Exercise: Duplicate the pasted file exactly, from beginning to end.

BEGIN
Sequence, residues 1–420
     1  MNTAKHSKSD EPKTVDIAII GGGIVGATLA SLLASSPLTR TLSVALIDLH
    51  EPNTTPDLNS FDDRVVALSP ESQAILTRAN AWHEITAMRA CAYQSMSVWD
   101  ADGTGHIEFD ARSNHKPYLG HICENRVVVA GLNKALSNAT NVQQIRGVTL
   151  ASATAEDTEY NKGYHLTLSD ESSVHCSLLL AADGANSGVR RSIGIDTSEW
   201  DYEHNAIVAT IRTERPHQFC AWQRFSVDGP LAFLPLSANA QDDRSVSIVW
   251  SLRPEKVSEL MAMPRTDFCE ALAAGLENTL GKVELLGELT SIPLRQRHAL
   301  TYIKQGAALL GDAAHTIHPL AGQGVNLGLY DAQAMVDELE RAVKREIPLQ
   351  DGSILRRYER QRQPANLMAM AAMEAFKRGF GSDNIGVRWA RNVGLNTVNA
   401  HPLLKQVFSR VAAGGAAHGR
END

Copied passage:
Sequence, residues 1–420
     1  MNTAKHSKSD EPKTVDIAII GGGIVGATLA SLLASSPLTR TLSVALIDLH
    51  EPNTTPDLNS FDDRVVALSP ESQAILTRAN AWHEITAMRA CAYQSMSVWD
   101  ADGTGHIEFD ARSNHKPYLG HICENRVVVA GLNKALSNAT NVQQIRGVTL
   151  ASATAEDTEY NKGYHLTLSD ESSVHCSLLL AADGANSGVR RSIGIDTSEW
   201  DYEHNAIVAT IRTERPHQFC AWQRFSVDGP LAFLPLSANA QDDRSVSIVW
   251  SLRPEKVSEL MAMPRTDFCE ALAAGLENTL GKVELLGELT SIPLRQRHAL
   301  TYIKQGAALL GDAAHTIHPL AGQGVNLGLY DAQAMVDELE RAVKREIPLQ
   351  DGSILRRYER QRQPANLMAM AAMEAFKRGF GSDNIGVRWA RNVGLNTVNA
   401  HPLLKQVFSR VAAGGAAHGR